Overall, I found my visits more than enjoyable and look forward to visiting again.

10 Responses to “Impressions of an LCMS church”

  1. Dan at Necessary Roughness Says:

    PowerPoint is NOT evil. Maybe Micro$oft is, but that’s a different issue. :)

    There are proper uses and improper uses of any media. A paper Satanic Bible in the pew or a PA system that broadcasts the local radio station can be just as evil a worship aid as anything that can be done with PowerPoint.

    I dislike PowerPoint when it is used for hymn lyrics, especially for hymns where the tune is unfamiliar. If there’s a praise band singing some new song with PowerPoint, then it becomes a concert, and I’m not participating.

    PowerPoint can be great for sermon outlines, and it puzzles me why people do not use it for this purpose. Seeing the Word as well as hearing the Word can only be a good thing.

    If one is going to use PowerPoint, take a class, not on PowerPoint, but on Effective Presentations. I wouldn’t put yellow text on top of a sunset picture to convey a message to the boss and his minions in a board room, so I surely would not do the same for an electronic worship insert.

    (steps off soap box) :)

    Dan

  2. Kurt Nordstrom Says:

    Haha, “methobapticostal”, I love it. Is it just a new way to say “not Lutheran”? ;)

  3. Elle Says:

    Hey Kurt- Yeh, it’s an all-inclusive reference to non-Lutheran protestants. I think I first read it from Josh S at Here We Stand back when he was a fearsome pirate with a different blog.

  4. Kurt Nordstrom Says:

    Haha, gotta know the lingo. Another Lutheranism that I’ve observed is “_____ seems to be more Lutheran than a lot of people realize.” This, of course, translates to “I find myself in agreement with _____”. :-D

  5. Ron Olson, the Terrible Swede Says:

    The Deutche Masse doesn’t have the confession and absolution because the forgiveness of sins is at the Lord’s Supper.

    I don’t know why we don’t have private confession every week like we do communion. Why don’t you ask Pr. Hoger? For now only two families show up for private confession: The Petersens and the Olsons. No one else - not even your boyfriend.

  6. Ron Olson, the Terrible Swede Says:

    …That was weird and, oddly enough, reminded me of the Methobapticostal church my brother and sister-in-law used to go to…

    The same could be said of the WELS church that we attended with you and Dan: no precession of the cross (or crucifix), no kneeling during the confession and absolution, no bowing or kneeling at the Lord’s Supper, and the pastor there didn’t wear his collar but a business suit.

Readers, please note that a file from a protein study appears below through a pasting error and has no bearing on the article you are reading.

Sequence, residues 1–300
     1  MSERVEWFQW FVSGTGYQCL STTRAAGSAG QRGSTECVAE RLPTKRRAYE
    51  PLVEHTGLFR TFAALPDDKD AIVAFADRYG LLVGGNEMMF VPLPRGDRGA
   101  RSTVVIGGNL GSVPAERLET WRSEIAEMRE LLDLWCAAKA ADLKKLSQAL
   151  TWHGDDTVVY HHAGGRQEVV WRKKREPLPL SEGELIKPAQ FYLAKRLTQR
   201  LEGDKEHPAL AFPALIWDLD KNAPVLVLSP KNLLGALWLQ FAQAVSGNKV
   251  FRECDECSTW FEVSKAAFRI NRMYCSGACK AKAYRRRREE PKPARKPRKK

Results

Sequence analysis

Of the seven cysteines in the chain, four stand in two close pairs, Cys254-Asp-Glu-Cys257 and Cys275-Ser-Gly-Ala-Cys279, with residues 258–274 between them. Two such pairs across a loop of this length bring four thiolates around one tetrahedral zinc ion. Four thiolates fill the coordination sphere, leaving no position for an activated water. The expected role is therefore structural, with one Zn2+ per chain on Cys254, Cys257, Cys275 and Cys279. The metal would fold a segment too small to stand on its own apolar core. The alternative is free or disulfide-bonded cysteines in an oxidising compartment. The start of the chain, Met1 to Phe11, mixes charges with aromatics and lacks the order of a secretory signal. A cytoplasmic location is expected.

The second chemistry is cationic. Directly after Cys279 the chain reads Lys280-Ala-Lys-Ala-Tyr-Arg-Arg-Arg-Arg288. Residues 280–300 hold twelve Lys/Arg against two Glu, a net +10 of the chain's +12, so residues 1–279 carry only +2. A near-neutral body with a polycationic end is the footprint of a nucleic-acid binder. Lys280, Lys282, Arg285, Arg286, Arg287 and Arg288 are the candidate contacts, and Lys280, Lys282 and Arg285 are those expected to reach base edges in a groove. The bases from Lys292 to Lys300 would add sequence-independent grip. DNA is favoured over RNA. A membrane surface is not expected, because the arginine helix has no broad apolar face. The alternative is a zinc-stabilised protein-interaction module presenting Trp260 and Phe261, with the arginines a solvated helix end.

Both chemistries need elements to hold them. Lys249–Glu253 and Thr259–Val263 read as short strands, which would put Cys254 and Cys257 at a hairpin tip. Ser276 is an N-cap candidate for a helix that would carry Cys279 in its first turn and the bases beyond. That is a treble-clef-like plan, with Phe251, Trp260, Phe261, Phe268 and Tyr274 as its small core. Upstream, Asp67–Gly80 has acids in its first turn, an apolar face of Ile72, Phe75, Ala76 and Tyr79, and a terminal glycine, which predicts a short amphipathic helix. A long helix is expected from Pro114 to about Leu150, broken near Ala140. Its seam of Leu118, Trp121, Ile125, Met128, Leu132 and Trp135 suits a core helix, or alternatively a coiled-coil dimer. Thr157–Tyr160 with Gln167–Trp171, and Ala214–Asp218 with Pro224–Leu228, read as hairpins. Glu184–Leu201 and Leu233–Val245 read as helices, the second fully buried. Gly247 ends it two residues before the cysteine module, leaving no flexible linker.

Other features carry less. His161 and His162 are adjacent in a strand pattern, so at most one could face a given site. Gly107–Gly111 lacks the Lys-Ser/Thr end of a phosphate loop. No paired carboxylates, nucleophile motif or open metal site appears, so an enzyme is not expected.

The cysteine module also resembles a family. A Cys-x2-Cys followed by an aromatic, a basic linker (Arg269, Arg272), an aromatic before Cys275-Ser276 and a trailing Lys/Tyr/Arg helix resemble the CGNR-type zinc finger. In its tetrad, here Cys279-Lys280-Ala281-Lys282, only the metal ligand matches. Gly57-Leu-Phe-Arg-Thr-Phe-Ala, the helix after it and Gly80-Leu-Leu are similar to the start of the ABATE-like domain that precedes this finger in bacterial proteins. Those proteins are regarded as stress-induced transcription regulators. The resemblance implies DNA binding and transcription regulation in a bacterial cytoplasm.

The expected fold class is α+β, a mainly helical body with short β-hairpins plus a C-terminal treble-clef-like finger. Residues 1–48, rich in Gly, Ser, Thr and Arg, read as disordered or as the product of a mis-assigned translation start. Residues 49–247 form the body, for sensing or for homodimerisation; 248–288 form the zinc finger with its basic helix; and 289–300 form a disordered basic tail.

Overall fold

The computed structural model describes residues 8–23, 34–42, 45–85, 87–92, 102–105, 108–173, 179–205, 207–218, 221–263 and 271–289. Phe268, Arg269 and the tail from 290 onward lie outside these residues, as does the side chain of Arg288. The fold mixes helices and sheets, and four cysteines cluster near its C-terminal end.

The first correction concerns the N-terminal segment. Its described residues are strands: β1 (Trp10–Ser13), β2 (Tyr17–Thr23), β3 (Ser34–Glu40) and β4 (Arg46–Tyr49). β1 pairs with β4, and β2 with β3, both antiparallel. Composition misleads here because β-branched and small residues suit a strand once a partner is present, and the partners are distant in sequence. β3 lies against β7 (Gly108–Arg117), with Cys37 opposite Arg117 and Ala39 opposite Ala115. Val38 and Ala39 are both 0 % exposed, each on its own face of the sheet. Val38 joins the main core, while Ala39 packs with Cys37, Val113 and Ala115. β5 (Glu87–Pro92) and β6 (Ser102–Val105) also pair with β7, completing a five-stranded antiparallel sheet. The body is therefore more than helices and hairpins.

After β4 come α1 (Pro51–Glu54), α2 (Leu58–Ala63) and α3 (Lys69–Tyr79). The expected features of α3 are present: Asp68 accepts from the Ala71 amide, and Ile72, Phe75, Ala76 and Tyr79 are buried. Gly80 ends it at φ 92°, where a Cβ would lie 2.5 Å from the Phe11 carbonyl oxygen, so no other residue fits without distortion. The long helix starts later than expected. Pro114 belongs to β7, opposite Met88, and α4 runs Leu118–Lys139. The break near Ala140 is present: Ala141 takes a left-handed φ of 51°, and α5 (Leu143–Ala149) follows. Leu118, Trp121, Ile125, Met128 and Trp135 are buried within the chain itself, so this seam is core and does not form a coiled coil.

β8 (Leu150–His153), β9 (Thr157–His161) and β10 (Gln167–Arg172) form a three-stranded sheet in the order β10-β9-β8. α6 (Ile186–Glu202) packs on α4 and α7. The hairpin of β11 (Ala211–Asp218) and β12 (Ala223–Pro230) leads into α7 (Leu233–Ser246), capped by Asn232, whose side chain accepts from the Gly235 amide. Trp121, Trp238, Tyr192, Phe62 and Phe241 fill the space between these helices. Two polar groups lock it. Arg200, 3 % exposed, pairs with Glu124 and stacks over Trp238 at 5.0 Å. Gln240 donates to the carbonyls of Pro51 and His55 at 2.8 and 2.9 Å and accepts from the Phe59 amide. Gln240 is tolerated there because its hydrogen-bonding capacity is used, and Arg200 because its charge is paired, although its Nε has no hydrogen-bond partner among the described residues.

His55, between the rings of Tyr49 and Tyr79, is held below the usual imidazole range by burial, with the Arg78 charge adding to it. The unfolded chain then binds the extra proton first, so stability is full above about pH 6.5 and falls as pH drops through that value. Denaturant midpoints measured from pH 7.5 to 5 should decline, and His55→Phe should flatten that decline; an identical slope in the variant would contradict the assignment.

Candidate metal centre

From my past of methobapticostal there was no reverance and sometimes I think even our (my very own!) Lutheran church is not reverant enough. And that’s the impression I got from WELS.

  7. Ron Olson, the Terrible Swede Says:

    The PPT is an invasion on a church tradition that is not necessary. Oratory tradition depends on listening and speaking and not how “visually exciting” the sermon is.

    Remember: “Mary (the mother of Jesus) got pregnant through the ears by the Holy Spirit.(Luther)” Not by effective presentation of PPT.

    Practice makes perfect in any liturgical practice, Elle. It’s tough for any visitor.

  8. Elle Says:

    At the WELS church I went to in Milwaukee, we kneeled during confession and absolution. I liked that. It was a good reminder that groveling on the floor is where we belong but because of Christ, we can stand before God.

    I can appreciate the reverence shown at your church and agree that those actions aren’t as common in WELS churches. In fact, my guess would be that it is rare. I don’t think it’s a matter of active disrespect so much as just being unfamiliar with the displays of reverence because of the Catholophobia many of us have.

    Ron, would you say that the confession and absolution is an unecessary element of the liturgy, then? Sure we ought to examine ourselves beforehand in a serious way and not require the pastor to lead us through it before approaching the table, but being such a dirty rotten sinner, I know I can see my need for it. Also, what about those who are not going to the table? Wouldn’t it be important for them?

  9. Elle Says:

    I do want to note that my aside regarding PowerPoint isn’t about visual stimulation, or being hip and exciting, but about plain old practicality. After helping a friend of mine with her kids in church, I really can’t understand how parents can get much out of or put much into a worship service when they are juggling so many things and trying to follow along. Even just printing it all in one place would have made it easier. After that experience I think it is something worth looking into if just to help others follow along.

    You say a worship service is tough for any visitor. A worship service should not be tough for anyone unless it’s because the law is gnawing at their conscience. We should be eager to help visitors and members who, for any reason, find liturgical worship challenging and for some churches PowerPoint could be helpful.

  10. Bob Waters Says:

    Actually, the term “Methobapticostal” has been around for quite a while. And there are Protestant churches which don’t qualify; strict Calvinists, for example, lack the shallow anthropology, the Arminianism, and me-centeredness in worship the term implies.

    As for confession and absolution, I sort of agree with Elle: it ought to be there. Though an argument could be made that the Sacrament itself is an absolution.